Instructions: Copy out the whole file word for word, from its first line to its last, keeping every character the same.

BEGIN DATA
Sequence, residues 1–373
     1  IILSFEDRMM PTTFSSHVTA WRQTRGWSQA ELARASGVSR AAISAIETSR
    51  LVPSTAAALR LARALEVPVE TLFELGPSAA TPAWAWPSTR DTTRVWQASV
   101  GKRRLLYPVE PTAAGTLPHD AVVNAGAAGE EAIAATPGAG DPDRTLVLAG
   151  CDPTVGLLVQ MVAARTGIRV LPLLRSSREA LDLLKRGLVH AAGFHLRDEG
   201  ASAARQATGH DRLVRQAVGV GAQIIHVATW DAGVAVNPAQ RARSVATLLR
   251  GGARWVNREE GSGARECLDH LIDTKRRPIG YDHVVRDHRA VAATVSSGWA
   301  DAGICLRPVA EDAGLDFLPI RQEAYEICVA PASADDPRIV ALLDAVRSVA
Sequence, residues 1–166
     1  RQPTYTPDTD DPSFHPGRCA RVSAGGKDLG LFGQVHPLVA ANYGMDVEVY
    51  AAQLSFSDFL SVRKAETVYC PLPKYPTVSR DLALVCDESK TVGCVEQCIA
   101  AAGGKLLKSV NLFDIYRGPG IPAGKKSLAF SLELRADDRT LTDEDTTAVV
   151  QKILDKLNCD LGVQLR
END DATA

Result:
Sequence, residues 1–373
     1  IILSFEDRMM PTTFSSHVTA WRQTRGWSQA ELARASGVSR AAISAIETSR
    51  LVPSTAAALR LARALEVPVE TLFELGPSAA TPAWAWPSTR DTTRVWQASV
   101  GKRRLLYPVE PTAAGTLPHD AVVNAGAAGE EAIAATPGAG DPDRTLVLAG
   151  CDPTVGLLVQ MVAARTGIRV LPLLRSSREA LDLLKRGLVH AAGFHLRDEG
   201  ASAARQATGH DRLVRQAVGV GAQIIHVATW DAGVAVNPAQ RARSVATLLR
   251  GGARWVNREE GSGARECLDH LIDTKRRPIG YDHVVRDHRA VAATVSSGWA
   301  DAGICLRPVA EDAGLDFLPI RQEAYEICVA PASADDPRIV ALLDAVRSVA
Sequence, residues 1–166
     1  RQPTYTPDTD DPSFHPGRCA RVSAGGKDLG LFGQVHPLVA ANYGMDVEVY
    51  AAQLSFSDFL SVRKAETVYC PLPKYPTVSR DLALVCDESK TVGCVEQCIA
   101  AAGGKLLKSV NLFDIYRGPG IPAGKKSLAF SLELRADDRT LTDEDTTAVV
   151  QKILDKLNCD LGVQLR